Blending Perspectives and Building Common Ground. How many of the families involved with the child welfare system have substance abuse problems?


For decades child welfare staff have recognized that substance abuse is common in the families they serve (Fanshel, 1975).  Studies have long shown that parents with substance abuse problems are more likely than other parents to maltreat their children (Famularo et al, 1986; Jaudes et al, 1995; Kelleher et al, 1994).  The wide variety of figures cited in the literature, however, makes it difficult to sort out how the numbers fit together.  Several issues drive the differences in the statistics:

  • The point in the child welfare system being studied.  Numbers differ depending on whether what is being counted is substance abuse among families with child abuse reports, open child welfare cases, or children in foster care.  For the most part, substance abuse prevalence has been found to be greater the "deeper" into the system one looks (i.e. greater prevalence is found among parents of children in foster care than among parents of children reported to child protective services).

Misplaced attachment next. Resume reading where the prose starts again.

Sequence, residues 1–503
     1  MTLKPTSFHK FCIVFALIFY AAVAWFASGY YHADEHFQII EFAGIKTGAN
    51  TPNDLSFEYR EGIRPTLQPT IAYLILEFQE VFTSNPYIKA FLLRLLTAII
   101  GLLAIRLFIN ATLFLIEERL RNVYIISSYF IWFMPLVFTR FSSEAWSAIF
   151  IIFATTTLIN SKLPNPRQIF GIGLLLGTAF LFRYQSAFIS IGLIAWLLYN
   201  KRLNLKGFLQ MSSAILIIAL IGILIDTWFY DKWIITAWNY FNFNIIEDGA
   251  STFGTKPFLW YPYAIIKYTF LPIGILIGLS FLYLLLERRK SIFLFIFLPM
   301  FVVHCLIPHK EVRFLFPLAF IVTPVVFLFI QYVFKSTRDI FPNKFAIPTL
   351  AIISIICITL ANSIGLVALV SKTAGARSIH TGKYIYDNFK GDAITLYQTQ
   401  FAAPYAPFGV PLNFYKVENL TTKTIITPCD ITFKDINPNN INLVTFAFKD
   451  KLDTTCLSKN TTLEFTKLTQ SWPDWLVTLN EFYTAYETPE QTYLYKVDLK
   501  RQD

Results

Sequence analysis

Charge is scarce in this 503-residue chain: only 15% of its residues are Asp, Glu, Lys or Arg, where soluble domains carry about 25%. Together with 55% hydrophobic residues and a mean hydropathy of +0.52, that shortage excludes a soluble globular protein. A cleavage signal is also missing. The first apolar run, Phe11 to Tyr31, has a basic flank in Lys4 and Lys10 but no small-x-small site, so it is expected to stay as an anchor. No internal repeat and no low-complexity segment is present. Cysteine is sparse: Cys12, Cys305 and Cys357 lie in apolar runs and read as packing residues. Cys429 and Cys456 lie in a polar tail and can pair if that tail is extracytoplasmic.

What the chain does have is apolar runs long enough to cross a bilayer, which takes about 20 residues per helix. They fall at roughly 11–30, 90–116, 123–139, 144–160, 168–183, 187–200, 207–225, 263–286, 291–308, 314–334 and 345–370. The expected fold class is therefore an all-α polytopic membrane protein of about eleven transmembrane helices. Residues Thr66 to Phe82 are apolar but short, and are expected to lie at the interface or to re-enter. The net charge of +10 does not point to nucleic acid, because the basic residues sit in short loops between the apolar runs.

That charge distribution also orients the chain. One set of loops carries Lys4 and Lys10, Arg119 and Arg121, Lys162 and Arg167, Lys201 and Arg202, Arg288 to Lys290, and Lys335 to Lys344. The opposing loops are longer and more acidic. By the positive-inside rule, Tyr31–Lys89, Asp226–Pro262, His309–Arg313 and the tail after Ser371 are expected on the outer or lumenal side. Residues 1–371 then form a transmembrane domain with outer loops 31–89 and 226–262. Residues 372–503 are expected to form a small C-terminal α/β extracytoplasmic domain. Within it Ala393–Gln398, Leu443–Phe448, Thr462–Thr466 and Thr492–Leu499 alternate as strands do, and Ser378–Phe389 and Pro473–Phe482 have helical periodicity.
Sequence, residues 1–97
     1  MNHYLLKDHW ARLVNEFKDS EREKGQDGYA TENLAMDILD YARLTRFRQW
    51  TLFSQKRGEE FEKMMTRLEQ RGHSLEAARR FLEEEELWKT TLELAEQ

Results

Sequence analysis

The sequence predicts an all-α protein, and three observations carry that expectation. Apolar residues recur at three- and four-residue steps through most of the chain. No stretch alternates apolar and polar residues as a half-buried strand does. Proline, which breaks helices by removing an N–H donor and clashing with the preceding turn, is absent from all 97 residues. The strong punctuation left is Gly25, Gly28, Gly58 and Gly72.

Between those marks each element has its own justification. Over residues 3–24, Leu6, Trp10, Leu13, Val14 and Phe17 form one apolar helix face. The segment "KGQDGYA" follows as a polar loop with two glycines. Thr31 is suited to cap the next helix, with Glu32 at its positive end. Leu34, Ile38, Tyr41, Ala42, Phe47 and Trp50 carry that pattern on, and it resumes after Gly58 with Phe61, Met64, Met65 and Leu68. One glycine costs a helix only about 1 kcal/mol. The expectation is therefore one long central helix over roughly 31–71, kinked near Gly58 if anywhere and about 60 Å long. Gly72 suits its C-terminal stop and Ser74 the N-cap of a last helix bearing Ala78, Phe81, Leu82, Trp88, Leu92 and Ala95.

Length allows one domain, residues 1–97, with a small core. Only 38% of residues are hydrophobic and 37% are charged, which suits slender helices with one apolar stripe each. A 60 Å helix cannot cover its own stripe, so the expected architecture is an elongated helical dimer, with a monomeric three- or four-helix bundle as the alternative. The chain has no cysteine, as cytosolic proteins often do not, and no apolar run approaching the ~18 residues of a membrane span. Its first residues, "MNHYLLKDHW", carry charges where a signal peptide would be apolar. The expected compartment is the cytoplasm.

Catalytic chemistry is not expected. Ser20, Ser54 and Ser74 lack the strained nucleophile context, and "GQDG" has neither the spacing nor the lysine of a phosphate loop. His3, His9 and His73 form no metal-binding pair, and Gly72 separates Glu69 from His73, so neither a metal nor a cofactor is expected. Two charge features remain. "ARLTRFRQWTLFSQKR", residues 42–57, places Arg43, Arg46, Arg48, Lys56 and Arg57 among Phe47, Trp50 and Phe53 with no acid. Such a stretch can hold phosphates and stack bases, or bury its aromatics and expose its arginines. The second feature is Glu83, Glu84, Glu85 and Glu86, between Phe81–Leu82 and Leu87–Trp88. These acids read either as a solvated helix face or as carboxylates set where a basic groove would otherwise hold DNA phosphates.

• How the study defines what counts as substance abuse.  Numbers differ depending on whether the study counts any family suspected of substance abuse, families with clinically diagnosed conditions, parents who have tested positive for drugs, or some other threshold.  Most studies include both alcohol and illicit drugs, but numbers are smaller if only illicit drug abuse is counted.
  • How the information is collected.  Studies surveying administrators about how many families in an agency's caseload have substance abuse problems routinely generate higher figures than do studies interviewing caseworkers about specific children or looking at case files to determine whether substance abuse is noted.

Despite these issues, it is clear that substance abuse is a significant factor in the lives of families served by the child welfare system.